I better correct something quick – your link to Brian A. Helfrich's page is the wrong Brian Helfrich. The right Brian Helfrich is me – no middle initial, no homepage :-)

    My background is Berkeley Computer Science, but I've been reading a lot about chemistry for the last three years, if that counts for anything. Nano-Hive's approach is to modularize as many of the computer science components of the simulator as necessary to allow chemists and physicists to focus on molecular interactions, and computer scientists to focus on things like data storage and distributing the computations.

    The scripting language currently has a custom syntax and is very basic. I'm getting some feedback on how people want to use scripting, and it looks like it may switch over to something such as Python. I'll count you in on the Python votes :-)

    Another idea I like that is really inline with your "pre-planning defensive measures against nanotech-related threats" is to have contests where people/organizations design nanodevices that combat in simulation space.

  4. WillWare Says:

    Re:Chris is right, this _is_ cool

    the wrong Brian Helfrich

    Doh! Sorry about that! I didn't think there'd be multiple Brian Helfrichs with an interest in chemistry.

    The scripting language currently has a custom syntax and is very basic.

    You might want to take a look at SWIG. If it's applicable for your project, it will allow people to connect Nano-Hive to any of several different scripting languages, plus Java. Instant popularity.

    contests where people/organizations design nanodevices that combat in simulation space

    Right, I was envisioning that the "red team" thinks up offensive widgets and the "blue team" thinks up defenses against them. The blue team publishes their work whenever it won't make it obvious how to build the offensive widget. The red team never publishes anything.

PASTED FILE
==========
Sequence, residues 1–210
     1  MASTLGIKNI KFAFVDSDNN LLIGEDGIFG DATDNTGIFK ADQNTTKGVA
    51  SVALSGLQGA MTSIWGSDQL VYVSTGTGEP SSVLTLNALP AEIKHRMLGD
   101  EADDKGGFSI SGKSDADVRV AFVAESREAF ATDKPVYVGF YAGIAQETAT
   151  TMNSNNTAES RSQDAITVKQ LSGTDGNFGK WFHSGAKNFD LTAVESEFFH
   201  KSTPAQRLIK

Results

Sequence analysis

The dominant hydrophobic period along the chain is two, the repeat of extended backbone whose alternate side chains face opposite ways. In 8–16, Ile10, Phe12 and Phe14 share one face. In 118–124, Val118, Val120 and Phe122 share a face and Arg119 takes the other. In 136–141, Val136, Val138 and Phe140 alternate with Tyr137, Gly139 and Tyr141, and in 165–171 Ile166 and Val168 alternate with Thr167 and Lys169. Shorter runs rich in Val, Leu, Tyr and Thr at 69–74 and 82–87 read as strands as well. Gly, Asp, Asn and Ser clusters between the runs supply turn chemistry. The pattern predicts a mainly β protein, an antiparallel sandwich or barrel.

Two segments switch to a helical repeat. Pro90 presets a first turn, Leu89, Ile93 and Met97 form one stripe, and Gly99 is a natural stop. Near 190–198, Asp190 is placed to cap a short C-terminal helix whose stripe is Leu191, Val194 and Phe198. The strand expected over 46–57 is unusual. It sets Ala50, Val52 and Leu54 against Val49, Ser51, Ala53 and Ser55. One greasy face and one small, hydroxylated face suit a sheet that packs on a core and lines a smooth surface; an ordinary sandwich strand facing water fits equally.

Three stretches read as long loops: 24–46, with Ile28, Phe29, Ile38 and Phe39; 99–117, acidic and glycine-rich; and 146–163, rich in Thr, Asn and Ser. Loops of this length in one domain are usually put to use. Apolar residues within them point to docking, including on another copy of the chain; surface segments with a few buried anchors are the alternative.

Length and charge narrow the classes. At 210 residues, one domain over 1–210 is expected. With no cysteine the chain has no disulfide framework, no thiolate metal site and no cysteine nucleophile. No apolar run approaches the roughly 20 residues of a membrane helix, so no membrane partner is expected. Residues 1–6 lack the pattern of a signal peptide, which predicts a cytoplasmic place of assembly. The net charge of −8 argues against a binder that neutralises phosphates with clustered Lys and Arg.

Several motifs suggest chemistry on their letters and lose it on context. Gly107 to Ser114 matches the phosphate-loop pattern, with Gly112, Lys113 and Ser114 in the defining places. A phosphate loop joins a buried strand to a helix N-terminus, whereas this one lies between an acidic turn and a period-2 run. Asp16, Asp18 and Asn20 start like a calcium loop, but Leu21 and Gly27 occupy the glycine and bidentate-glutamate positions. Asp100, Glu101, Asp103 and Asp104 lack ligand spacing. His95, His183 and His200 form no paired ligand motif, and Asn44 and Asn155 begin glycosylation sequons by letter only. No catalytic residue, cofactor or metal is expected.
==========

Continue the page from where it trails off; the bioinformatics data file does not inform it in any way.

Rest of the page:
Once software like Nano-Hive becomes productive and widely used, there's nothing to prevent anybody anywhere from doing red-team stuff and publishing it in irresponsible ways. Probably the best thing we can do is to try to keep the good-guy teams better funded and further advanced than any rogue red teams, and be ready to deploy the good-guy blue-team defenses quickly.

  5. Steve_Moniz Says:

    Re:Chris is right, this _is_ cool

    You don't need a simulation to have a meaningful war game. Warriors, engineers and scientists were inventing wonderfully gruesome things long before computers. Nano-hive doesn't sound like the basis for a good game, unless the game is "Let's Make a Screwdriver". You need to go one level up – to a Lego simulation. Piece together motors, valves, and clamps to make your own BattleBot. That would make a fun multi-player game.

    For red/blue teams you need to go up one more level. The situation is less technical than you suppose. (I work on such games for the Army.) You need red guys who ask questions like, "Can I win if my BattleBot threatens to dismember the show's producer?"

  6. Apollo Sande Says:

    Anyone still tracking this discussion topic ? How about a sourceforge repository of molecular nanobots to run in the NanoWars simulator running MMORPG style ?